• Greed and gouging – Excessive pricing not only for non-generic pharmaceuticals, but also for specialists and hospital services, especially imaging. US healthcare is run like a business and the mantra is “you get what you negotiate.” (fee-for-service) as opposed to “you get what it’s worth” (pay-for-performance). An underlying dynamic here, in my opinion, is greed and entitlement among various specialists and healthcare & insurance executives. I see public and private business structures similarly, as both seek to maximize revenues. Traditional family medicine seems far less sensitive in this category.

              So, why is this? The majority of the US healthcare system is run as a business that seeks to maximize revenues, whether for profit or not. After the 1980s, when healthcare costs among industrialized nations were still largely equivalent, the US peeled away from other comparable nations and evolved with opportunistic “fee-for-service” business models that benefited from limited financial controls besides the regulatory FDA, CLIA and HIPAA rules.

              So, at a personal level, I agree with MMM about collecting pertinent diagnostic data points to be able to verify that a particular medical situation mandates a therapeutic solution, OR NOT. My most recent healthcare experience reinforced that perspective again where a surgeon specialist advocated for me to undergo a surgical procedure that was biased toward his latest professional interests, rather than best suited for my situation, as confirmed by peer-review studies. This guy is a top doc in his field, but apparently motivated to “practice” his latest method, even though various European studies have shown unacceptable side effects.

              In my personal experience, I have learned to ask 5 questions of a physician when decisions are considered:

              • Is it necessary?
              • What are the risks involved?
              • Are there other options?
              • What if I do nothing?
              • How much does it cost?

              At the same time, I always request full copies of all diagnostic test results, so I have that on hand should I want to switch doctors and/or review the latest scientific consensus from the published worldwide medical community. With that, I basically manage my own electronic health record.

              It really pays to do your own research (including reimbursement details) and find a physician who is truly aligned one-on-one with the patient, even if that means lower revenues and avoiding defensive diagnostics and therapies if not clinically worthwhile. For me, having a solid set of diagnostic results available enables me to ask the most relevant questions. If a physician is not comfortable with a highly-engaged patient who aims for reasonable and necessary solutions, and thinks that he/she is there to protect me from myself (a.k.a., the savior complex), that would not work for me.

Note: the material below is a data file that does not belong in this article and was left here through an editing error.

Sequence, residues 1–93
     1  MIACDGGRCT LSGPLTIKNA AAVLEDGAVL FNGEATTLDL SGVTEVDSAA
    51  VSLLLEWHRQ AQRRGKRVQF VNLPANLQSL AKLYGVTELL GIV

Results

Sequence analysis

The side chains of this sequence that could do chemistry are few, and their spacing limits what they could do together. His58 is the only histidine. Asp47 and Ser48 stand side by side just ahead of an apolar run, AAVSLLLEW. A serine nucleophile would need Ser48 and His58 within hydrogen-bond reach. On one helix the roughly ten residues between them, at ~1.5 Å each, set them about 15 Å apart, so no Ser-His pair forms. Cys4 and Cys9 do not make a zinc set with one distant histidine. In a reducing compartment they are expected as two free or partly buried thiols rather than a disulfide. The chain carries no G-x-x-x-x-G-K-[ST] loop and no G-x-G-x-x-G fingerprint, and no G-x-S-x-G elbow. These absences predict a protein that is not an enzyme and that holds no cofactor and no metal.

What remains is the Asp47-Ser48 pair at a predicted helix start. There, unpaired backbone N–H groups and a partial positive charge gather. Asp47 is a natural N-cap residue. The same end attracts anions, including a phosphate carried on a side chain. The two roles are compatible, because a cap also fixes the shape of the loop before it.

• Chip November 11, 2020, 2:17 pm

        Let’s back up, shall we? We’re referring to screening tests on healthy people. Your previously obese, hyperlipidemic husband was not in that category. Not even close.

        As far as “Doctors don’t think these tests are necessary because they don’t believe people will make any changes anyway.”, well, uhhh, no. If we only counseled and ordered tests on people we thought strongly would change based on our words or test results, I suspect most GPs could work one day a week.

      • Karlhungus November 13, 2020, 8:42 pm

        I looked up that Essel diet. Whoo boy. No chance I could do that. There are other, easier ways to achieve low cholesterol levels. And it turns out the opposite works as well, which I think is the way MMM eats. Anyway, for myself, I eat high fat (lots of eggs, coconut oil, bacon, meat, butter etc. ) Veggies, fruit, nuts, seeds. Low carb. Try to cut out breads, pastas, etc . When I do that, my cholesterol drops like a rock.

    • Shon December 12, 2020, 9:47 am

      Thank you, Frank, for saying something about his Carotid Ultrasound. My eyes rolled when I read he had this exam. It was completely unnecessary for a 40’ish healthy person. I was wondering if he actually has a CIMT, which is another unnecessary exam that is frequently done in the U.S., and paid out of pocket by unsuspecting people.
      As to your frequent comment about how it is an unnecessary test for the asymptotic, I would disagree heartily. There are multiple studies that do show a benefit to the exam in the asymptotic patient. Waiting until they have a stroke is setting up certain groups of people to have a stroke, or die from a stroke.